Attack-resistance

Q1: What is attack resistance?

Attack resistance is a formal approach aimed at analyzing security defense mechanisms (e.g., ASLR, ISR,...) and cryptographic obfuscation methods with the goal of ascertaining whether they are secure. At a high level, attack-resistance is based on ideas from cryptography, such as computational or information-theoretic indistinguishability, as applied to system security and side-channel defense mechanisms, information-flow and program obfuscation methods.

More formally, attack-resistance is defined in terms of computational indistinguishability, wherein, we say that a defense mechanism D is deemed attack resistant iff the following is true: for any probabilistic polynomial time attacker (PPT) A and for a meaningful combination of D with any program P, the combination D+P is computationally indistinguishable from an ideal program IP. (In a variant of this notion of attack-resistance, we are also exploring the idea of SAT-based attackers wherein the attacker is weaker than a general PPT attacker, but strong enough to be relevant in practical settings.)

The key insight is that in our setting the protected program P and the ideal program IP may have the same exploitable bug (e.g., buffer overflow). However, the difference between P and IP is that a PPT attacker A has a way to exploit the bug in the vulnerable program P, but does not have a way of exploiting the same bug in the ideal program IP. The value of the defense mechanism D then is to protect P such that the attacker A's probability of successfully launching an attack on the combination P+D is vanishingly small, as a function of a security parameter (e.g., the number of bits of a random seed used by the defense mechanism D). I.e., for any PPT attacker A, P+D is computationally indistinguishable from the ideal program IP.

Q2: What is the notion of attack-resistance useful for?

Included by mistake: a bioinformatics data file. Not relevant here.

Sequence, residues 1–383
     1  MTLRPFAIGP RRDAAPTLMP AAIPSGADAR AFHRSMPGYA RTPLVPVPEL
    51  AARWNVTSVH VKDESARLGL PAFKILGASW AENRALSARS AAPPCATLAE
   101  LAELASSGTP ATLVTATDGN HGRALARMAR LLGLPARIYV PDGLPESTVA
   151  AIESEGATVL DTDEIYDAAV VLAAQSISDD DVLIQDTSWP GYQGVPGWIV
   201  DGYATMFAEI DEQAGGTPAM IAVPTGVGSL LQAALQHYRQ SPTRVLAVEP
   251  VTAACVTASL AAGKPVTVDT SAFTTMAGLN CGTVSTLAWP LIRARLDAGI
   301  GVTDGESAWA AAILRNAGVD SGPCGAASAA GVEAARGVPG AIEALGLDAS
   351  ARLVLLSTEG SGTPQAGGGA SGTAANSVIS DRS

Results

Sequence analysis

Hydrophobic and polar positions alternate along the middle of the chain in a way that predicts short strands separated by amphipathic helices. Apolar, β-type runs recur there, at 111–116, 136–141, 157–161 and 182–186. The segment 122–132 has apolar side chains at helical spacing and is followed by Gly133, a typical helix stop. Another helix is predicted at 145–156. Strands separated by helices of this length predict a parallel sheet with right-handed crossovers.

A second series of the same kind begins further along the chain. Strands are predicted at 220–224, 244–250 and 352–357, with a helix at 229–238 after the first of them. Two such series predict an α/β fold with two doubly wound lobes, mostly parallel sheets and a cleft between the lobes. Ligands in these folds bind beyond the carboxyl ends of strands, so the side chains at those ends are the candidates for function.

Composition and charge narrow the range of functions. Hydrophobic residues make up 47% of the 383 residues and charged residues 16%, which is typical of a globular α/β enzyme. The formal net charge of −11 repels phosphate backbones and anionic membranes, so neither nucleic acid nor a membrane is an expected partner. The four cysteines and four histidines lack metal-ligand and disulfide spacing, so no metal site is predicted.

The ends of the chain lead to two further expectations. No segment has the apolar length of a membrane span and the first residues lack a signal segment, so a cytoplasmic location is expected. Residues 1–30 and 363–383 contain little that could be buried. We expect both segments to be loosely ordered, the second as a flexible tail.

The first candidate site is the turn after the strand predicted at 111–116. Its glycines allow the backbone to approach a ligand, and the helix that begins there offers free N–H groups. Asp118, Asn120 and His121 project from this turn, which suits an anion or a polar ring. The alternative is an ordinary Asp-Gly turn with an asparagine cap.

The notion of attack resistance is useful for establishing security properties of defense mechanisms. Often security researcher present defense mechanisms without sufficient formal analysis. Insufficient formal analysis can lead to the deployment of insecure defense mechanisms. 

Q3: What attacker model do we use in order to establish attack-resistance of defense or obfuscation methods?

Depending on context, we use one of the two attacker models described below:
  1. PPT attacker: Here the attacker is a probabilistic polynomial time (PPT) Turing machine, i.e., the attacker can execute any PPT algorithm as an attack to accomplish her objective.

  2. SAT attacker: Here the notion is that the attacker is limited to attacks where in order to accomplish her objective she has to break problems that are considered hard for SAT solvers.
Q4: Which defense mechanisms have been shown to be attack resistant?

We applied our analysis to certain variants of address space layout randomization (ASLR) and instruction set randomization (ISR), and showed that these variants are attack resistant in the sense described above.

Q5: What are the future goals of this project?

We want to apply our approach to other defense mechanisms (e.g., DieHarder), side-channel defenses, as well as to cryptographic obfuscation methods.